If you use the wrong materials and adhesives labels, you will meet a high risk for incorrect, damaged, or missing labels. Poor quality labels will damage your printing equipment, unclear and missing labels will make you face greater losses and even fines.

Here’s a brief guide on the different types of label materials and adhesives available, and how you can determine which is right for your business:

Label Materials
Choosing the right label material makes all the difference when it comes to printing your labels. There are many kinds of raw materials to choose from, Each raw material has different characteristics and available environment, so choosing the right option matters.

  • Metalized, Clear or White PolyesterRolls of label materials
    Metalized Polyester has a chrome or mirror-like finish which makes it look like stainless steel. Clear and white polyester are available in both matte and glossy surfaces. It is used both indoors and outdoors, as pipe labels or control panel labels, because of its dimensional constancy and its aptitude to bear harsh weather conditions. It’s normally used for tool marking and air-conditioning units. It generally comes with a permanent adhesive.
  • Industrial Vinyl
    Industrial vinyl is the go-to material for outdoor labels. With a rating of 9-11 years for UV fade resistance, it is weather and chemical resistant. This material has stretching characteristics that allow its application over rivets and sharp curved surfaces. Vinyl labels can be used for pipeline labels, fleet decals, rental equipment, tools, cable tray labels, etc.
  • Destructible Vinyl, Security, Tamper Proof
    Destructible vinyl cannot be peeled off in one piece, making them ideal for proprietary products. Security or tamper proof or tamper evident labels will leave words such as VOID or SECURITY or DANGER if removed. The materials of each may vary, depending on the surfaces being applied to. Common uses are seals for food containers, pharmaceuticals, electronics, warranty, safety, and law enforcement labels.
  • Clear or White Polypropylene
    Polypropylene is a substitute for vinyl and excellent for solvent resistance. It is also a cost effective in comparison with polyester labels. It’s usually available in clear or white with a gloss or matte finish. It has great flexibility and clarity. The type of adhesive depends on the application type.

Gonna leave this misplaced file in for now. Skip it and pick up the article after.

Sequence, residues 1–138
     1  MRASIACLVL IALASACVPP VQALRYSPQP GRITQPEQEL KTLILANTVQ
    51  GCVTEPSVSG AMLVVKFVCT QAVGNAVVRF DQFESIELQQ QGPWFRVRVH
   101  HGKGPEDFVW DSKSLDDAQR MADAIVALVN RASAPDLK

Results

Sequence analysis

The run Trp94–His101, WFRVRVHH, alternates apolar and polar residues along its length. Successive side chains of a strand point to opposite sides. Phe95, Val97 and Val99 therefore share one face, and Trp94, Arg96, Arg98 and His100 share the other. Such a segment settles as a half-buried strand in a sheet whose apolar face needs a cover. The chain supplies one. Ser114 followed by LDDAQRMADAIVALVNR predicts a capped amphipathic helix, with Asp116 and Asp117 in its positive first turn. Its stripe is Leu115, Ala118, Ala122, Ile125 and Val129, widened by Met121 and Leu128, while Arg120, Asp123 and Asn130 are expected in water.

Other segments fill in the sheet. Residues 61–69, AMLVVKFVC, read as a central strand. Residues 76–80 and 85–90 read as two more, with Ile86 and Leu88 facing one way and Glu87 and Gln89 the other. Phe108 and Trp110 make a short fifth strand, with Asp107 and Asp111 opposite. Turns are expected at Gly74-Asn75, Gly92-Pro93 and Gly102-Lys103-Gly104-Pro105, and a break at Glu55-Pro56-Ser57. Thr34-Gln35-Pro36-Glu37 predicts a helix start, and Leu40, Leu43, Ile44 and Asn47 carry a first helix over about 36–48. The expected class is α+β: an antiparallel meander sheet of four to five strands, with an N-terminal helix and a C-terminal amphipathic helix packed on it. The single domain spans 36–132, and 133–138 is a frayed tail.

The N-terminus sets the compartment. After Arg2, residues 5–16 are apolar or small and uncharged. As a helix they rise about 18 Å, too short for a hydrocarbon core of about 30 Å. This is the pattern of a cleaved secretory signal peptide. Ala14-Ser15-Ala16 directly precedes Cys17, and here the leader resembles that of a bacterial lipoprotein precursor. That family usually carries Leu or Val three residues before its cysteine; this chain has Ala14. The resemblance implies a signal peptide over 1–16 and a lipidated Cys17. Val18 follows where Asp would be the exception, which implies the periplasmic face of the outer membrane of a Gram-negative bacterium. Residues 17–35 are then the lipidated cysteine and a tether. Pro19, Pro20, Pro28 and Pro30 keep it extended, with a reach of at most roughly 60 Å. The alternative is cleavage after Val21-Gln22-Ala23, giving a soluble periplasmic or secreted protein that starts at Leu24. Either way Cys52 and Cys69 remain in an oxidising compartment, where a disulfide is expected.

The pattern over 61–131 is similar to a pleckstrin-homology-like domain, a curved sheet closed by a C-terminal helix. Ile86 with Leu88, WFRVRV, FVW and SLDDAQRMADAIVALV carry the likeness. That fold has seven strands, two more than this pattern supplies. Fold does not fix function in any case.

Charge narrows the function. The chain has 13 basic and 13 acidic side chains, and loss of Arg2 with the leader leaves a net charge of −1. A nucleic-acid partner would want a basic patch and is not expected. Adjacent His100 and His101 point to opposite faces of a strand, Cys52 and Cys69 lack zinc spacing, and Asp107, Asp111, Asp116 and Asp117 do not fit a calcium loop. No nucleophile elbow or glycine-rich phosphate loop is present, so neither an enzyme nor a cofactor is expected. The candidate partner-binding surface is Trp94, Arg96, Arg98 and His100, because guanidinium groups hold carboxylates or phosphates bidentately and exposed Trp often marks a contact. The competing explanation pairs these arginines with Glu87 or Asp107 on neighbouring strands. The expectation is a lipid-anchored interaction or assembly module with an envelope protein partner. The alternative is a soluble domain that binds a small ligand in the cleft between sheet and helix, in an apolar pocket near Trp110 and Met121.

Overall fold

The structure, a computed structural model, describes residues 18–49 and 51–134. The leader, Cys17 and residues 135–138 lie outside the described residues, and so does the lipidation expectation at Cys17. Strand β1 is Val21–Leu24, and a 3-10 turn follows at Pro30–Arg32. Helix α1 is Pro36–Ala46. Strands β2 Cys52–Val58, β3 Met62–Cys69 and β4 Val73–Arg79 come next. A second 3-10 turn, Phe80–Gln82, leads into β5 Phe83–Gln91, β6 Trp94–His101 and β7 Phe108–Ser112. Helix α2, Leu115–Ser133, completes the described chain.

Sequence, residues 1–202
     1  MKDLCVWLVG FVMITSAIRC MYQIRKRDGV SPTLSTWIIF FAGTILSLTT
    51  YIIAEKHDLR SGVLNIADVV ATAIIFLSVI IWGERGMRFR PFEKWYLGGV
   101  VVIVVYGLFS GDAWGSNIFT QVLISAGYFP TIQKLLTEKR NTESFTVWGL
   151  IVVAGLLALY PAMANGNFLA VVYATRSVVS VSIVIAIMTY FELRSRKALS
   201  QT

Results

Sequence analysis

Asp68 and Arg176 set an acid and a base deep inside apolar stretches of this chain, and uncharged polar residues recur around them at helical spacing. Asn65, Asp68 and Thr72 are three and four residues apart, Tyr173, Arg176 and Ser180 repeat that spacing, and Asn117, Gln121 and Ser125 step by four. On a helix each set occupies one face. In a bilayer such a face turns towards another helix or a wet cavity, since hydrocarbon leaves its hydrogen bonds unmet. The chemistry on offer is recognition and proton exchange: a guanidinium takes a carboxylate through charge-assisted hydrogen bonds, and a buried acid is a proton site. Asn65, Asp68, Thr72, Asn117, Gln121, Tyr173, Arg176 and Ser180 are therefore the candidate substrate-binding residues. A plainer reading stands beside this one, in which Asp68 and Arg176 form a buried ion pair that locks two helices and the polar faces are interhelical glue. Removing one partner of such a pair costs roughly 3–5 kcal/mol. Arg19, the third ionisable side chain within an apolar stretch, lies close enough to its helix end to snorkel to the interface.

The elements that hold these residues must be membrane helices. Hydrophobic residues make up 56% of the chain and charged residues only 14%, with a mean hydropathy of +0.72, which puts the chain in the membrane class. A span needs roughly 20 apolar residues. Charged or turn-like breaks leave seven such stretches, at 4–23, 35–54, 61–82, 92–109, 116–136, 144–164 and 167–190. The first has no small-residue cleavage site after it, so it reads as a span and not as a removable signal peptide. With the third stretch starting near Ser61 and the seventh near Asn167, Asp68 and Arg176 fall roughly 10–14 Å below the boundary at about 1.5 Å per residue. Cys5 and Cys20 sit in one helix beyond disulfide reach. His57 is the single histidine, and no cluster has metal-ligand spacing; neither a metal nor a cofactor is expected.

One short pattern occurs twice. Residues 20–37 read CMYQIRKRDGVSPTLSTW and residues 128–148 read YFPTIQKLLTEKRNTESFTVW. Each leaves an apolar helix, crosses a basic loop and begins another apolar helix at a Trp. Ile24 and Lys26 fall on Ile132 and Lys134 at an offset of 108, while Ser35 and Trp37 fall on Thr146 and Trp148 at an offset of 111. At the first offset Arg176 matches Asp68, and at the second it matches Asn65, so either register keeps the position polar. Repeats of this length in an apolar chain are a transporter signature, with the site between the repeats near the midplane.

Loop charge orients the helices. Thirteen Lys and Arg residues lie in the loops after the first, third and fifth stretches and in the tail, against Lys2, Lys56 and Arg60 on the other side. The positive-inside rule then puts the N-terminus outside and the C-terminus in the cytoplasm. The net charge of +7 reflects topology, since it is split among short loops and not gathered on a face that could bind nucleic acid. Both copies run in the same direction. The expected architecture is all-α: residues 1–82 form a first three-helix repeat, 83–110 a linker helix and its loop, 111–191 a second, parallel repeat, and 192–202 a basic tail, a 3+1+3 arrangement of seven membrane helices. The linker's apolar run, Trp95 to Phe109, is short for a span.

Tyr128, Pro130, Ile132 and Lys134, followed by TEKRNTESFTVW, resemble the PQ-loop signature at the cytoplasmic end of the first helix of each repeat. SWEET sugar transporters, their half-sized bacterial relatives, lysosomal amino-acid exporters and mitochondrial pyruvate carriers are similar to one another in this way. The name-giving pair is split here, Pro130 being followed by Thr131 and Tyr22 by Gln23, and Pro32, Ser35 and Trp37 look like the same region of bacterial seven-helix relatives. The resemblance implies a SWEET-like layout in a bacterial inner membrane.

• Static Cling Vinyl
    Static cling vinyl is used to make window decals that do not require an adhesive. It uses static electricity to stick to a surface. It’s normally used for glass, metal and other smooth and even surfaces. A common use is for (windshield) oil change labels. It can be printed with laser or thermal transfer (ribbon) printers.
  • Fluorescent and Foil Paper
    Fluorescents can be brightly colored vinyl labels or those flood coated on synthetic material. Normally it is available in colors that stand out such as red, green, pink and orange. They are often used for safety labels because they alert people. Foil paper label material is available in both bright or dull, silver or gold. Both flourescent and foil types come with a permanent adhesive.
  • Litho, Semi-Gloss and High Gloss Paper
    Litho paper is uncoated and matte. It’s used in sheet fed laser printers, and computer pin fed shipping labels. Paper is often used through direct thermal label printers in offices for envelope labels. It comes with both permanent and removable adhesive. Semi-gloss paper and high gloss paper comes with rubber base adhesive and acrylic cold temperature adhesive. The later is used for food related labeling. Removable adhesive is also available for certain conditions.

Label Adhesive
While label materials are an important component in ensuring your labels are printed correctly, the right adhesive is just as important—what good is an accurate label if it can’t stick to the surface it was intended for? There are several different types of adhesives and, like the printer material, each is best suited for a different purpose.

Common label adhesive types:

  • Permanent: Exactly like it sounds, this adhesive works great for general purposes where a long-term application is needed, however it may not stick well to certain specialty materials and surfaces.
  • Removable: These labels come in a range of aggressiveness. Some can be removed and replaced over and over, and some can only be removed once or twice. It depends on the application and the purpose.
  • All-temp: For environments with extreme temperatures, this adhesive is ideal. Cold-temp and freezer label adhesives fall into this category as well.
  • Aggressive: While “permanent” is well-suited for most applications, sometimes specialty applications call for something stronger, which is where this type is used.

Choosing the right label material and adhesive will do more than just protect you from fines. The right media can protect your printer from aggressive wear and tear. While this guide can certainly help, it is also worthwhile to speak to your provider about your individual needs.